PH goes full blast on campaign to include 2 shark species in CMS appendices

The Philippines has gone all out with its campaign to give further protection to two shark species – whale shark and white-spotted wedgefish – at an international conference current ly being held in the country.

In a forum, Environment Undersecretary Jonas Leones presented the country’s proposal for the uplisting and listing of the whale shark and white-spotted wedgefish, respectively, in the appendices of the Convention on the Conservation of Migratory Species of Wild Animals, or simply CMS.

The forum, entitled “Leading Shark Conservation: Shark Species Proposals for CMS,” was part of the 12th Session of Conference of Parties to the CMS held at the Philippine International Convention Center (PICC) in Pasay City from October 23 to 28. Over 1,000 delegates from over 120 nations are attending the meeting, dubbed as world's largest wildlife conference in 2017.

The Philippines has been vigorously pushing for the uplisting of the whale shark (Rhincodon typus), locally known as butanding, to Appendix I of the CMS.

Appendix I consists of migratory species that have been assessed as facing a very high risk of extinction in the wild in the near future. Signatory states are encouraged to protect these animals, conserve or restore the habitats in which they live, remove obstacles to migration and control other factors that might endanger them.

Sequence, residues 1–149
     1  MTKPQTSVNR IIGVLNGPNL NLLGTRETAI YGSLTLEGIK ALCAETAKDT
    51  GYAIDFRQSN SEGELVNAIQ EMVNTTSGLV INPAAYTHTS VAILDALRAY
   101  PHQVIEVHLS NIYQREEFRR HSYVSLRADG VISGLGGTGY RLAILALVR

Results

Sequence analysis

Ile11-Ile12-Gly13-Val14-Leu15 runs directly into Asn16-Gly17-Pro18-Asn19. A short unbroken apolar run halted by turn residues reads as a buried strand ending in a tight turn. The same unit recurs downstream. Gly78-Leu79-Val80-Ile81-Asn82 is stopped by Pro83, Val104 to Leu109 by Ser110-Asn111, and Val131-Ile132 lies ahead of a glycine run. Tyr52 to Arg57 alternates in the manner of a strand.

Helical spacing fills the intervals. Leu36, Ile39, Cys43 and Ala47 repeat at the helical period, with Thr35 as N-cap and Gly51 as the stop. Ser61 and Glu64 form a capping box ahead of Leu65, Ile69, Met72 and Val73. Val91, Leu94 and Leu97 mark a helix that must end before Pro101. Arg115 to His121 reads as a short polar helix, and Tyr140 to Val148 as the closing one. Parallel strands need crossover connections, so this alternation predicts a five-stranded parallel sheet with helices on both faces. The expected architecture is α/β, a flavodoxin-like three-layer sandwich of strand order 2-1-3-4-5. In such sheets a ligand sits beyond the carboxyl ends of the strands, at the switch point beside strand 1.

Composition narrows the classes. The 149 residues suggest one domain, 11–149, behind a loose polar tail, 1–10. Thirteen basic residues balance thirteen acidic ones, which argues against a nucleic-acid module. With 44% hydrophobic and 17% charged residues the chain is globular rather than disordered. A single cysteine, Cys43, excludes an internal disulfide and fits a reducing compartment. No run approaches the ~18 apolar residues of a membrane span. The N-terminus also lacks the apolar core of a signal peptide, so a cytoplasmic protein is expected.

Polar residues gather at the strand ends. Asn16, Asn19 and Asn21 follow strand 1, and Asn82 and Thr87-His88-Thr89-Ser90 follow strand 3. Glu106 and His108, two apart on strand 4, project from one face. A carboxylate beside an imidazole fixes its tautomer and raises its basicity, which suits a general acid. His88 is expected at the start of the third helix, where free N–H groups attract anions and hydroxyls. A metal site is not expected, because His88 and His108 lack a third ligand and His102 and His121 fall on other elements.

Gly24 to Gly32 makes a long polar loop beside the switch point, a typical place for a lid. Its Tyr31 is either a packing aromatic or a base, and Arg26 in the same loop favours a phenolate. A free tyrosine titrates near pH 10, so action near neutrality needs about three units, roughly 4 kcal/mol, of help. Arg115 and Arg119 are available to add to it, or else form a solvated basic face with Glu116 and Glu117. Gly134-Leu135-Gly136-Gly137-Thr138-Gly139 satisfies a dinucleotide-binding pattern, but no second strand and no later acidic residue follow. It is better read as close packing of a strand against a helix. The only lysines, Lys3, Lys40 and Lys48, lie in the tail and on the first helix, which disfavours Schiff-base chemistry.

Under the country’s proposal, the whale shark’s inclusion in Appendix II shall remain pending its uplisting. Appendix II covers migratory species that have unfavorable conservation status and that require international agreements for their conservation and management.

In his presentation, Leones said the whale shark has been very important to the country’s culture and economy, which is no wonder its image is depicted at the back of the 100-peso bill.

“It was the first shark species that was nationally protected in the Philippines. This helped our whale shark watching industry grow,” Leones added.

The DENR official revealed that in 2016, the 1,000th whale shark had been identified in Philippine waters, making the country “the third largest known aggregation of whale sharks in the world and the biggest in Southeast Asia.”

Whale sharks, however, are under threat from fishing and tourism activities and pollution, as well as non-existent protection in countries which are not parties to the CMS.

“An Appendix I listing is expected to lead to an increased attention to legislative protection in range states, and heightened awareness to support conservation efforts on whale sharks,” Leones pointed out.

The country is proposing the inclusion in Appendix II of the white-spotted wedgefish, which has been classified as “vulnerable” in the Red List of Threatened Species of the International Union for Conservation of Nature or IUCN.

According to Leones, the wedgefish has been recently considered endangered because its local population has declined from 50 to 80 percent over the last 30 years.

The DENR official attributed the decline to overfishing or by-catch fisheries, especially since its fins are considered “extremely valuable in international trade,” being sold for as much as US$1,000 per kilogram.

The white-spotted wedgefish is a highly mobile species that has been recorded across the waters of Southeast Asia and Australia.

“This is the first time that the wedgefish is receiving the conservation attention it deserves,” said Leones.